As often as I see the topic come up on forums and blogs, I think it’s safe to say that most – if not all – gamers have a list of games that they loved and that they think got the short end of the stick in the marketplace.
Sometimes, these are pretty individual opinions – I haven’t met too many other folks who absolutely loved Alisia Dragoon, for instance – but there are games whose market reception was legendarily apathetic in comparison to the efforts spent on promoting them. These usually get even more credit if their production costs were so high, and their sales so low, that they heavily contributed to the failure-or-near-failure of a publisher or development house. See: Majesco, Clover, etc.
The top two games that I see trotted out as “overlooked” are Psychonauts and Beyond Good and Evil. Both expensive games, both heavily marketed, both marked down to twenty bucks in their first month of sales.
I can’t say that this is ALL bad. Yeah, it’s sucked having to wait so long for a BG&E2, but I’m not sure that it would be better if it had sold by the truckload and spawned an endless stream of sequels and spin-offs.
Put another way: Do you really want to see a BG&E-inspired Kart Racing game?
Anyway, after you get past the “big two” underappreciated games, you tend to see at least a mention of Killer 7.
Killer 7 is a game that’s at the end of the “accessibility” scale that’s furthest away from, oh, Pac-man. The control scheme is obtuse – you don’t even use the joystick to move, for instance, your character moves forward when you press the A button and turns around if you press B – and it has the worst case of Ugly First Level Syndrome I’ve yet encountered, a bizarre mostly-white building that reminds me of the worst examples of mid-90s 3D and which is so devoid of distinguishing features that I’m not sure if it’s supposed to be a hotel, an office building, or maybe an apartment block.
Your in-game advice is delivered by a gibbering nutjob in a bondage outfit, and when you die, you leave a take-out-baggie – seriously – full of your vital bits that you then have to use another character to retrieve and bring back to a save room before you can continue.
Is it any wonder that I was able to pick this up, a few months after release, for $9.98? Or that the shelf I took it from was full of similarly-clearance-priced copies?
At its core, it’s awfully close to an adventure game. You have a limited set of locations you can explore, there are puzzles to be solved to open up new locations, and the puzzle solving tends pretty heavily towards the “to open this door, you’re going to need to do two or three fetch quests, seemingly unrelated to the actual door opening, which will result in the key to the door falling out of its hiding place for no apparent reason.”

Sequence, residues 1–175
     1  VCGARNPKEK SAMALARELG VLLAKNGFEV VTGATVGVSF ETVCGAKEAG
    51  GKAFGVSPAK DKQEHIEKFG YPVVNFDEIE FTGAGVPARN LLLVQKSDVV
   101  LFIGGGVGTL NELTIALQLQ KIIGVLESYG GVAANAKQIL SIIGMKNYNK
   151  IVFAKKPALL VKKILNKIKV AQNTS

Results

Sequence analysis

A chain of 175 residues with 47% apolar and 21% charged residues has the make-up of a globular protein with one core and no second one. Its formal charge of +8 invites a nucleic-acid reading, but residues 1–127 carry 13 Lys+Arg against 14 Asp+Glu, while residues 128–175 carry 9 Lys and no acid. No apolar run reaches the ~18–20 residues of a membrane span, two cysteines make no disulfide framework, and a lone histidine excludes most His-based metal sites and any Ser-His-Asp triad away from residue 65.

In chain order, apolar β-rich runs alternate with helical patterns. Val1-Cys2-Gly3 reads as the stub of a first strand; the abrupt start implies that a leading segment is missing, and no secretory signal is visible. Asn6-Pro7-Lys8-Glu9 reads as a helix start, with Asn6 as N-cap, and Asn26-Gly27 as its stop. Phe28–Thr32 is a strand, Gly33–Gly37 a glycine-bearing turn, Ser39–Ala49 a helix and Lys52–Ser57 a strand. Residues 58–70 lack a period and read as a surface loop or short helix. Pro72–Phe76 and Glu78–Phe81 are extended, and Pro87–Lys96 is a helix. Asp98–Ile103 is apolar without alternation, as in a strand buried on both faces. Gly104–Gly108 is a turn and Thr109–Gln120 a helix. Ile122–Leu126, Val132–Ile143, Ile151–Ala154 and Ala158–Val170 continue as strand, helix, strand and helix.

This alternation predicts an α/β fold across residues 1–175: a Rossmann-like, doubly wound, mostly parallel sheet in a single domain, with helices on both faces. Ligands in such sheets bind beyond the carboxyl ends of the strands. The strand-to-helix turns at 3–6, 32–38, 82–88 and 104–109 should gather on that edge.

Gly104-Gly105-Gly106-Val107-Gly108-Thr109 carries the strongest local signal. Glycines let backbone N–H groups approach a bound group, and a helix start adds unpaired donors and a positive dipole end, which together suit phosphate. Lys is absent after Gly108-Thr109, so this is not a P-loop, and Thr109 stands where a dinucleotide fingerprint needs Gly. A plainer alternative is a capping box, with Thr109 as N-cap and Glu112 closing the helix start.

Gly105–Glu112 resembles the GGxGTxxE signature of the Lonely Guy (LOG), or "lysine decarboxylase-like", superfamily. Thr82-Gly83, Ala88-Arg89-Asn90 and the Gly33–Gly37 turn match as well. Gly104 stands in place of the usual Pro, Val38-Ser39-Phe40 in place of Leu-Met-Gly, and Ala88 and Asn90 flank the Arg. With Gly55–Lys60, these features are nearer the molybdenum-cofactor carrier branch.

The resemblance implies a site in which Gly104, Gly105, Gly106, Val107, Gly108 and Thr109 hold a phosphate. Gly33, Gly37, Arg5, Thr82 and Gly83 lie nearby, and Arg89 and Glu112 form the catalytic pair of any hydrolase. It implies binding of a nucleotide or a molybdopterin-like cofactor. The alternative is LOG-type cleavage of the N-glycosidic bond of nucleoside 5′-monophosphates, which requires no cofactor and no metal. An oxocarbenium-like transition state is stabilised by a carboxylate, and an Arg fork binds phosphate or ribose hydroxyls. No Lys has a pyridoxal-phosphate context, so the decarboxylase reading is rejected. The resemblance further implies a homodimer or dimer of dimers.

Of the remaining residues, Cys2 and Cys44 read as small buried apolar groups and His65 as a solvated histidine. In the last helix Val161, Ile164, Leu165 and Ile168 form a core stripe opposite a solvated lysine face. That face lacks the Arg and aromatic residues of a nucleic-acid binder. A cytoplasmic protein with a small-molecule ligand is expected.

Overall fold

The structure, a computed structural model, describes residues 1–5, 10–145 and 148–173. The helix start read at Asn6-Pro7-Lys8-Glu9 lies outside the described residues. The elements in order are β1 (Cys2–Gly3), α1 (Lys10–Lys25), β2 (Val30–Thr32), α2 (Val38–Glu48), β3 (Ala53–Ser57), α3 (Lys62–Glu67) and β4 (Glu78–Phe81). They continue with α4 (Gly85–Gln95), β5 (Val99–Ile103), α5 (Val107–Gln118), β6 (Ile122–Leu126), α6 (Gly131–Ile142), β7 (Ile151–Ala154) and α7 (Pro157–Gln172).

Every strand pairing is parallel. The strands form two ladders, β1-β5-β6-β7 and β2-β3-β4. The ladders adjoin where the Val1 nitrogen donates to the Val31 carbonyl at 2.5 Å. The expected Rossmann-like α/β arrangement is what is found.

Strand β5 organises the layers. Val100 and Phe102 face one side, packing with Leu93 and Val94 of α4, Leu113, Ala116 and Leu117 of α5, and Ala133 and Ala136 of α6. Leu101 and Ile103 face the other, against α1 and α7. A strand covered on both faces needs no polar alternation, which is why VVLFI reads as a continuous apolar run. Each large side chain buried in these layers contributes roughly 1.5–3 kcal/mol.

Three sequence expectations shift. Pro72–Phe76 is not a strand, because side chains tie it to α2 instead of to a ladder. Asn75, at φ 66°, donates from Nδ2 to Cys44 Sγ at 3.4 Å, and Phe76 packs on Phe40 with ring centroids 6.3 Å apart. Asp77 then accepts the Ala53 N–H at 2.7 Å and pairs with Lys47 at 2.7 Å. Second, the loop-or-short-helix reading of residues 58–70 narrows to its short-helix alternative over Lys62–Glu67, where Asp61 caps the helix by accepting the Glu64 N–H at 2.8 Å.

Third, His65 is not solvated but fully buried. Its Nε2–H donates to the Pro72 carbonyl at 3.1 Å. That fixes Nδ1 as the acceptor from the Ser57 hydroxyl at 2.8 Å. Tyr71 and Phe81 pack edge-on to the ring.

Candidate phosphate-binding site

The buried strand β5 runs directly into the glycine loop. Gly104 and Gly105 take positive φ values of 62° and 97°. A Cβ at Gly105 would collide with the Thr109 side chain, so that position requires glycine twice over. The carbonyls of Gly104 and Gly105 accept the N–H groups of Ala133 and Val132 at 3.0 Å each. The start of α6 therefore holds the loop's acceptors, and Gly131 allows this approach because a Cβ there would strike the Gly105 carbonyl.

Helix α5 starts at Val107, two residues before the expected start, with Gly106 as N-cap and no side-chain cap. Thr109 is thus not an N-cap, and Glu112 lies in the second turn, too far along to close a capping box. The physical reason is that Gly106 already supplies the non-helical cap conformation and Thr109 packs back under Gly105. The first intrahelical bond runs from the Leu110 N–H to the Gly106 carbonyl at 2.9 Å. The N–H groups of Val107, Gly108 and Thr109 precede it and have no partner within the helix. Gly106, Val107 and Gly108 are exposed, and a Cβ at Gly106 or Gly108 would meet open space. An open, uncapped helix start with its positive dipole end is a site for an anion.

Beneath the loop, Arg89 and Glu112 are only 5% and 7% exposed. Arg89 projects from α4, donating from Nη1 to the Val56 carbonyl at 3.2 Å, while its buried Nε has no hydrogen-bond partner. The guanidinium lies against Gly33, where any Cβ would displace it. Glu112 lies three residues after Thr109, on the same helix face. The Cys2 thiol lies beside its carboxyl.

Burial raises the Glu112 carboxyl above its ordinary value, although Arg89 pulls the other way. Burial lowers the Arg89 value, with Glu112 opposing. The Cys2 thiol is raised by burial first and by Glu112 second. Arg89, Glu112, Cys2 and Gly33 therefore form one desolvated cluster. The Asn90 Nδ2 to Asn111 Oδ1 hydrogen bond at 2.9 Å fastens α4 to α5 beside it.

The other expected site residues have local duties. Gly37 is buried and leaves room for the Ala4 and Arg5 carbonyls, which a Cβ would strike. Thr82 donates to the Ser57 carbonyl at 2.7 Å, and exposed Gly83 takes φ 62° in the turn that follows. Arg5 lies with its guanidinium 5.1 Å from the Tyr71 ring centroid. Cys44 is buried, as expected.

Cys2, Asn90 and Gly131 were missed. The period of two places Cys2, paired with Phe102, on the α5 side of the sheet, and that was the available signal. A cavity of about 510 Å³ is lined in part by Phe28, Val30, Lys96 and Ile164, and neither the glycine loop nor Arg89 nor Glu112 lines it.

On the other hand, while you’re roaming around whatever building you’re in looking for the crank handle that will turn on the water pump in the basement and drain the flooded room, leaving the fish in the flooded room gasping on the floor so you can find the fish that swallowed the signet ring that you need to show to the butler so he will loan you a serving tray which you will use to reflect the moonlight on to the portrait of the princess which will open the secret compartment which…
I am, of course, kidding here.
I hope I’m kidding here, anyway. Let’s start over.
…while you’re roaming around whatever building you’re in doing adventure game stuff, occasionally you will hear an evil laugh and something invisible will run at you and try to get close enough to explode. That is your cue to switch to shooter mode, hit the “scan the area for invisible running exploding guys” button, target the newly-visible running exploding guy and try to shoot him before he blows up on you.
This bit is sort of cheap. Often the invisible running exploding guys spawn so close to you that you don’t have a chance to protect yourself, and then you tend to wind up in the aforementioned take-out-baggie. It’s not like you can pull out your gun and then back up, or anything. While aiming, you’re rooted in place.
It’s a bit of a hybrid of the genres, and doesn’t necessarily take the best bits from either, is what I’m getting at.
Now, it does come with some payoffs, if you can make it past the first level. It’s got an art style that looks dreadful in still images but really works in motion, what I’ve seen so far of the story looks pretty interesting, even if I’m having a little trouble following the different players and their motivations, and you switch between characters as diverse as a wheelchair-bound sniper, a curiously soft-spoken wrestler in a Lucha Libre mask and tuxedo, and a waifish psychic who can break barriers by, well, bleeding all over them.
Did I mention I’m a terrible hemophobe? Between this game and Bullet Witch, It’s been a bad month for my particular neurosis.
Let’s put my squeamishness aside, though, and carry on.
Twenty minutes into playing Killer 7, I was wondering what the heck people saw in it.
An hour into playing Killer 7, I was wondering why I was still playing it instead of, say, minesweeper.
Two hours into playing Killer 7, I started wondering what the heck was going to happen next, and if the next – I don’t like to use terms like “mindfuck”, but it applies here – could possibly top the last.
That’s a pretty good progression, I think.